For fans of TLC's "Little People, Big World," the past four seasons have shown that little people such as the Oregon-based Roloff family have limitless dreams and ambition to make their lives just as compelling and heartfelt as anyone else's. For parents Matt and Amy, who happen to be dwarfs, and their four children (Zack being the only offspring that is also a dwarf), going into season five shows a lot of growing pains for everyone in the Roloff family. Co-executive producer Jeff Weaver talked to our Jim Halterman about the changes as not only the kids get older but Matt and Amy also see change in both their many endeavors and their relationship as well as what the appeal of the half-hour series really is with audiences.
Jim Halterman: Can you tell me how the Roloff family came to you in the first place?
Jeff Weaver: It all went back to 2003. There was a casting reel and a pilot presentation had been produced by GRP and the early efforts showed an interesting family but they hadn't quite found their niche yet but I think it was in 2005 it actually became a pilot at Discovery and they produced a one hour pilot called "Little People, Big Dreams" and that pilot sort of blossomed into, transitioned into the TLC series that we now know as "Little People, Big World" and that was 2006 so it was a three-year journey to get the series on the air. When you think about going all the way back six years and Jacob, who is turning 12 this season... half of his life has been spent in front of the camera.
JH: The appeal seems to really be more about the family and their strong personality and very little to do with their size. Do you agree?
JW: I do. When the series first began, I think a lot of people tuned in because they wanted to see what it was like to be a dwarf, to be a little person in a big world. Now that we've been on the air for so long, I think people stay tuned because the Roloffs are a very relatable family. They have their challenges and obstacles in life that have nothing to do with being a little person and those just as interesting to explore as the little people type.
JH: There's such a heart to the show, especially the second episode airing about the kids going to their winter formal. Is that heart part of the appeal of the show?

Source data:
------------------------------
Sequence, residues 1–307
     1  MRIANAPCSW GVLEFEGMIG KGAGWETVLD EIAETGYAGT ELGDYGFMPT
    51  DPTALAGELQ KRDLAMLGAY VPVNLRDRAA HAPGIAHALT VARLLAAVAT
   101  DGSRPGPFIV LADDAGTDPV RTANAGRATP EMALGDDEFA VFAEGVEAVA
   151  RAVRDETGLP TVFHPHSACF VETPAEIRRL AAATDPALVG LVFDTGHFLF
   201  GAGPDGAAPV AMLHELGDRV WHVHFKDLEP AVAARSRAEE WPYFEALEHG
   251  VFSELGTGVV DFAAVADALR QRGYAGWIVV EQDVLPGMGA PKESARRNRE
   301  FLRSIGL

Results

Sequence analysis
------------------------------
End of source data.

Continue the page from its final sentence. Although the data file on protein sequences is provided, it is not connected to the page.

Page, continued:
JW: I think that the Roloffs are a very, very loving family and I think that we on the show who end up producing the show, we really respond to that. When we see material and we see scenes coming in from the family where it's very clear that they have a very, very strong bond and they're doing things together and they're going through experiences that we can all relate to, I think that touches our hearts as all. We love the fact that we get to tell a really warm story in our show.
JH: Zach's acne was part of the story and it was something everyone can relate to!
JW: I guess you can call that, in our case, we take a "zits and all" approach in this show. [Laughs.]
JH: There must be some relief that there is much less drama that some other TLC shows that shall remain nameless, right?
JW: I can definitely say that every relationship, especially a 22-year marriage, is going to have its day-to-day challenges and is going to have some big picture paradigm shifts that happen across the course of the relationship and we're seeing that this season with Matt and Amy and their kids growing up and Amy is realizing "Hey, I'm not the full-time mom that I used to be. I need to start looking around and figuring out what else is going to happen in my life." Matt is Matt, as ever. He always has projects and he has his ideas, plans and schemes but I think Amy is really taking a sincere and major look at what is going to be changing for her in her life and how that impacts her relationship with Matt.